Author duplicated a figure in three papers; two get retracted

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Two journals have retracted two papers by the same group within months of each other, after editors were independently tipped off that they contained duplicated figures representing different experiments.

The two papers were published by PLOS ONE and The Egyptian Journal of Biochemistry and Molecular Biology (EJBMB) in 2015 and 2014, respectively. According to the PLOS ONE paper’s corresponding author, last author Saad A. Noeman from Tanta University in Egypt used the same Figure 1 in both papers, along with another 2013 paper in EJBMB.

Corresponding author Yasser S. El-Sayed, head of the Department of Forensic Medicine and Toxicology at Damanhour University in Egypt, told us he learned of this issue after a reader brought the figure manipulation and duplication concerns to PLOS ONE’s attention.

El-Sayed said that he tried to figure out what had happened.

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Plant scientist logs 4 more notices over figure errors

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Researchers in China have retracted a paper and corrected three others in a plant journal, citing problems with multiple figures.

Lixin Zhang, from the Chinese Academy of Sciences in Beijing, is corresponding author on all four papers, published by Plant PhysiologyWe’ve reported on three retractions and two corrections from Lixin Zhang and some of the same co-authors, bringing Zhang’s total to five retractions and four corrections, by our count.

According to the retraction notice, the authors agreed to pull the article because of figure-related “irregularities and inappropriate data handling” — but despite these issues, they remain confident that their conclusions are still valid.

Here’s the latest retraction notice, issued this February, for “Cooperation of LPA3 and LPA2 Is Essential for Photosystem II Assembly in Arabidopsis:”  Read the rest of this entry »

Scientist who sued university earns two more retractions, bringing total to five

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A scientist who sued his employer for millions of dollars has earned two more retractions, for papers that had already been flagged by the journal.

By our count, Rakesh Kumar now has five retractions and multiple corrections.

Kumar sued his employer, George Washington University, for $8 million, alleging emotional distress when they put him on leave from his position as department chair following a finding of misconduct. That suit was settled last year, for undisclosed terms.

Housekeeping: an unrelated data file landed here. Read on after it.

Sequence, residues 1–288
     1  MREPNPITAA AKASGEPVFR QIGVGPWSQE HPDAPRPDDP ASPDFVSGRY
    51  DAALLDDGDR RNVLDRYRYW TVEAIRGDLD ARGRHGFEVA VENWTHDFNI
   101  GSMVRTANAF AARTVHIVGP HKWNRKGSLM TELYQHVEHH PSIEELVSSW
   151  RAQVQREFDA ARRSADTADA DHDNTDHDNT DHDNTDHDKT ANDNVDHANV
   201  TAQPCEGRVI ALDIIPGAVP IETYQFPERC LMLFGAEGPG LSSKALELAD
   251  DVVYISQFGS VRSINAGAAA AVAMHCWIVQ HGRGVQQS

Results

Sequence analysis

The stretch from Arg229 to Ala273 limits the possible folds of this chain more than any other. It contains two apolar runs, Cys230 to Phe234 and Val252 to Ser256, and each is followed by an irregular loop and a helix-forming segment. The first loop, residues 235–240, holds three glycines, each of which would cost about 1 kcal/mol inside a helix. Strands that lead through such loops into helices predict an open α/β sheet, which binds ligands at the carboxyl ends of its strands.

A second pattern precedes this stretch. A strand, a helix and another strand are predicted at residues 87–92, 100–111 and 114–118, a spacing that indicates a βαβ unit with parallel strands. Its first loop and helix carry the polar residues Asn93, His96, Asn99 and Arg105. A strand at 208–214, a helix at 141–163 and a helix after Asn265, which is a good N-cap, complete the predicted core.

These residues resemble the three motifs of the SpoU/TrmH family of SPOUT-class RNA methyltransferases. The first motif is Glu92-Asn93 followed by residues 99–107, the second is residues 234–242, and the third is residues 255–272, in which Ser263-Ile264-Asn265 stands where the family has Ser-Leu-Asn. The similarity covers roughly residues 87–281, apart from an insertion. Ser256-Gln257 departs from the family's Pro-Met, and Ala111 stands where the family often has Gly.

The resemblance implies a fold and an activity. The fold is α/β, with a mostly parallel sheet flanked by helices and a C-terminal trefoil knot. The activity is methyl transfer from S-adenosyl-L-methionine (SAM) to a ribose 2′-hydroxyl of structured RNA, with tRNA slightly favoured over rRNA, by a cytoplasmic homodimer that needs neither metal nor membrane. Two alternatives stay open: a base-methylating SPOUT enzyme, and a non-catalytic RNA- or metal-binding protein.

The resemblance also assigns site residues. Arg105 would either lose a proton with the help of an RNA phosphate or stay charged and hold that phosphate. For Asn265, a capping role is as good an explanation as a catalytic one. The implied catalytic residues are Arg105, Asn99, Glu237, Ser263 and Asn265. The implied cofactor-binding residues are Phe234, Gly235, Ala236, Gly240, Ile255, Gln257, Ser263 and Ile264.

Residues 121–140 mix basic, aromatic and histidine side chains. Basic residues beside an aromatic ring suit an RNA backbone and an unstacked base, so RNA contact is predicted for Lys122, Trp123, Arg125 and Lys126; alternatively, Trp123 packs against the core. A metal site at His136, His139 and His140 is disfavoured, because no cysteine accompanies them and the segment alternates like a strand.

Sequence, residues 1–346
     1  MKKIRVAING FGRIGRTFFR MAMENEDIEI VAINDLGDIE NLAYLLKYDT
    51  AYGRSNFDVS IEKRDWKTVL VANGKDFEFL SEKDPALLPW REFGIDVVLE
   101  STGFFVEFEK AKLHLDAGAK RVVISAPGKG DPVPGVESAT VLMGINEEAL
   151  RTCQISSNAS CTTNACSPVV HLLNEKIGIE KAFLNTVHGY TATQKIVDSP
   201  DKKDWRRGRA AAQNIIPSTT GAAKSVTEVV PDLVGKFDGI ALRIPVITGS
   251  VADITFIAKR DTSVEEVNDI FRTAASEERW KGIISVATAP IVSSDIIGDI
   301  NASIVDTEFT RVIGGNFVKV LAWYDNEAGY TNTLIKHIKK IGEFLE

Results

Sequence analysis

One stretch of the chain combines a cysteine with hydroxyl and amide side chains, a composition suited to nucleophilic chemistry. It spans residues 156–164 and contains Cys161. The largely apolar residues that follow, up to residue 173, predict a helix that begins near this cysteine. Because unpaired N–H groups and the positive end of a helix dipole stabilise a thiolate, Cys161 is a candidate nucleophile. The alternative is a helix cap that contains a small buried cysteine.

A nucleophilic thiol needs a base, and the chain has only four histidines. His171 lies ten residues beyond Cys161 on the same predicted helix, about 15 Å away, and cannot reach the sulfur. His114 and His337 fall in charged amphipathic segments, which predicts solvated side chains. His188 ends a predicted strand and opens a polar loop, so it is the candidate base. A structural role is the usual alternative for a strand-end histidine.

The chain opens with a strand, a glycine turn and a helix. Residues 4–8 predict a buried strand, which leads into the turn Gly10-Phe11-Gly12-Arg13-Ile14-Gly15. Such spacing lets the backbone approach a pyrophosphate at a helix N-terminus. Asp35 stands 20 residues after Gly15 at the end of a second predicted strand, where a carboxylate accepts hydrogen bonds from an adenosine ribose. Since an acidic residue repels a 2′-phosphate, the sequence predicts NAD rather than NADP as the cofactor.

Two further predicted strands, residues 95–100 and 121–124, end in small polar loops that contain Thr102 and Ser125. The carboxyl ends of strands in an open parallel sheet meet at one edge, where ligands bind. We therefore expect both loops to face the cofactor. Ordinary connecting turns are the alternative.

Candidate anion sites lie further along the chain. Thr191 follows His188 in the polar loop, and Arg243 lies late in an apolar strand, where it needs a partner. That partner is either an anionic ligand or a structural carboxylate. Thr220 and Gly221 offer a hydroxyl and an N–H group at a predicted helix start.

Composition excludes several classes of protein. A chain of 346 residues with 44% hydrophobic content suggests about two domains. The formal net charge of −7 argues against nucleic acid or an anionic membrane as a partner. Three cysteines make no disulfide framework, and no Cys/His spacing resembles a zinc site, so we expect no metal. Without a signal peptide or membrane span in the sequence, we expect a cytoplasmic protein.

The two newest retractions in the Journal of Biological Chemistry — which tagged the papers with Expressions of Concern last year — both state that, according to Kumar, the problematic figures were assembled by “specific co-authors” — unnamed — in his lab. Here’s the first notice:

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After lawsuit threat, journal forces author to heavily revise education paper

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Under threat of a lawsuit, an education journal changed its mind about publishing a paper that it had already accepted after peer review.

Last summer, Education Policy Analysis Archives, published by the Mary Lou Fulton Teachers College at Arizona State University, informed San Francisco State University professor Stanley Pogrow that the journal would be publishing his paper criticizing a widely used reform intervention for schools in poor districts called Success For All.

According to Success For All‘s website, the program is currently used in more than 1,000 schools in 48 states and received just over $10.5 million in grant funding in 2015. In 2010, the program was one of four recipients of the U.S. Department of Education’s $50 million Investing in Innovation Scale‑up grant.

Yet when Success For All’s co-developer, Robert Slavin at Johns Hopkins University, read a pre-publication draft of the paper, he threatened the journal with legal action if they published it. According to Slavin, the manuscript contained “libelous” and “defamatory” statements.

Subsequently, ASU declined to publish the accepted paper, and instead told Pogrow they would only publish a revised piece on the methodology used to evaluate which school interventions are effective — and thus should receive public funds. The revised paper does not directly mention Success For All or Slavin in the text (although it cites past articles by Pogrow criticizing the program). The revision, which Pogrow agreed to, “gutted the article,” he told us.  Read the rest of this entry »

Written by Megan Scudellari

March 15th, 2017 at 2:00 pm

Negligence by stressed-out postdoc led to retraction of high-profile paper, supervisor says

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The timing was tight, but Sergio Gonzalez had done it. Gonzalez, a postdoctoral researcher at the Institute for Neurosciences of Montpellier (INSERM) in France, had a paper accepted in a top journal by the end of 2015, just in time to apply for a small number of highly sought-after permanent research positions that open up in France each year.

If Gonzalez had missed the January deadline for this system of advancement, known as concours, he would have had to wait until the following cycle to apply.

Once his paper was accepted by the Journal of Clinical Investigation, Gonzalez could breathe a sigh of relief. He began being invited to interviews. But then, a comment showed up at PubPeer.